ETFE films have successfully established themselves as an alternative to glass, especially in outdoor areas, while indoors textiles from a variety of materials help to create different lighting moods. A few projects already document the wide range of uses of these products, whose respective modes of action architects take into careful consideration and which are implemented individually in close cooperation with manufacturers or processors. Textile solutions now make sense in not just very large projects. (by Ulrich Büttner)

 

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Tue 21.4.

Textile roofs: State of the art at Techtextil 2015

Posted by Walter Phillips on 21.04.2015 - Tagged as: ,

The Konya Torku Arena offers more than 42,000 spectators covered seating. The roof and wall surfaces form a uniform shell of green and white triangles

The Konya Torku Arena offers more than 42,000 spectators covered seating. The roof and wall surfaces form a uniform shell of green and white triangles

Techtextil in Frankfurt, Germany, is the leading international trade fair for technical textiles and non-wovens. The complex industry, with its countless products for industrial-manufacturing processes, will once again be taking the stage from 4 to 7 May 2015, offering architects the best chance to learn about the application of high-tech textiles in building construction. Roofs are the classic area of application.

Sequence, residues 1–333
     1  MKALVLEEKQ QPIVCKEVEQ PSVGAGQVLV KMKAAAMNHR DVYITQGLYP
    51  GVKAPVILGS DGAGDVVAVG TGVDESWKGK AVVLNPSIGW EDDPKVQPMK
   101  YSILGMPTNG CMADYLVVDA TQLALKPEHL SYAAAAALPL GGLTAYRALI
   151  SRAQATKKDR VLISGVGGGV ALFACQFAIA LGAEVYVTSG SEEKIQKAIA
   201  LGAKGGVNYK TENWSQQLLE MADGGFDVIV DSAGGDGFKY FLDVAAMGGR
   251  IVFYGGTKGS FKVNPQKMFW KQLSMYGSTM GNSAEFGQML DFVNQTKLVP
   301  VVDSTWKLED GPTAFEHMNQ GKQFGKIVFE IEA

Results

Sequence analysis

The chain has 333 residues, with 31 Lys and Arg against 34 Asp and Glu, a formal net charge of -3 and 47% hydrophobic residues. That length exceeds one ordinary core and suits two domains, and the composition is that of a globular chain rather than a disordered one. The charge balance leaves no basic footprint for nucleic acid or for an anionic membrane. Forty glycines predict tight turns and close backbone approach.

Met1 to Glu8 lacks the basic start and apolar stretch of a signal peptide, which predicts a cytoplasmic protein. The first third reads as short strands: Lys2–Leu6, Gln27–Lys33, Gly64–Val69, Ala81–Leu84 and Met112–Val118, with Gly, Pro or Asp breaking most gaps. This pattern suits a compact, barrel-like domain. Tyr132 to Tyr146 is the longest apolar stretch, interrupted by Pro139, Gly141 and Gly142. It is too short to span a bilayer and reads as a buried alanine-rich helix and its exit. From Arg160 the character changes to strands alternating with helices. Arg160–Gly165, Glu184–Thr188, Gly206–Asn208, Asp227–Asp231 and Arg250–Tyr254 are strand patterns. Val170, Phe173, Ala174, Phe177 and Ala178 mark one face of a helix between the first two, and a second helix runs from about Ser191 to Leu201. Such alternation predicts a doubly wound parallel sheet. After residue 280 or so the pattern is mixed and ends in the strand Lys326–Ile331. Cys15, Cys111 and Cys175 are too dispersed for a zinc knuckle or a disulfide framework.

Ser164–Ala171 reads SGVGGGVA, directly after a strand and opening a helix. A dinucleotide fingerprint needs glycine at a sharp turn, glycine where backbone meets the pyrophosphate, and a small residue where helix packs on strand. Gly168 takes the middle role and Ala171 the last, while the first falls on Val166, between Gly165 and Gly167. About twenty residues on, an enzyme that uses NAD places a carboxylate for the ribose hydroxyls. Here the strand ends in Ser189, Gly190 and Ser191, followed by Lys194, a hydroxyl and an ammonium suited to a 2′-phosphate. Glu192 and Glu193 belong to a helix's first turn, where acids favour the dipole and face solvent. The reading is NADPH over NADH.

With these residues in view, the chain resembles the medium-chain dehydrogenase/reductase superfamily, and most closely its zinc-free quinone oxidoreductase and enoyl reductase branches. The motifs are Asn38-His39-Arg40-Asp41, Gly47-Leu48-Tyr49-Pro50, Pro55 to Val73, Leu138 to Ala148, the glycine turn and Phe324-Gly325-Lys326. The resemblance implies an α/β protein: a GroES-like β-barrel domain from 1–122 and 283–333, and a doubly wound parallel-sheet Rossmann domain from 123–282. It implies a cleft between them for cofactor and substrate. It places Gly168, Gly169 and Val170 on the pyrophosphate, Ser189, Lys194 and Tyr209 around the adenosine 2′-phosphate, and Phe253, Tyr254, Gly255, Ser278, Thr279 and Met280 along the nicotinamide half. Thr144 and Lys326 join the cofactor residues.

Particularly large coverings demonstrate the range offered by the manufacturers and processors of these textiles. Besides numerous design advantages, textile construction also offers a huge amount of individuality. Textile components are always custom-made – which is what makes them so interesting for architects. Goal-oriented collaboration with the respective companies also guarantees the best possible results. (by Ulrich Büttner)

 

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Wed 8.4.

Textile Facades: State of the Art at Techtextil 2015

Posted by Walter Phillips on 08.04.2015 - Tagged as: ,

During the day, its textile facade transforms the Fritz Lipmann Institute in Jena into a white cube, which then begins to shine gently as twilight falls; photo: Verseidag Indutex GmbH

During the day, its textile facade transforms the Fritz Lipmann Institute in Jena into a white cube, which then begins to shine gently as twilight falls; photo: Verseidag Indutex GmbH

Techtextil, the leading international trade fair for technical textiles and nonwovens, will open its doors in Frankfurt, Germany, from 4 to 7 May 2015. Besides countless other applications of these products in the context of industrial manufacturing processes, applications for architectural use are only one aspect – but an obviously very attractive one. Some exhibitors’ exemplary reference projects already indicate the sector’s enormous range and capability. And it’s in the nature of things that, when it comes to textile architecture, it’s almost invariably a matter of highly customised solutions – sometimes the material itself, but always its specific application. Here at least, architects and manufacturers sing from the same hymn sheet, so to speak. (by Ulrich Büttner)

 

read this article in full on Architonic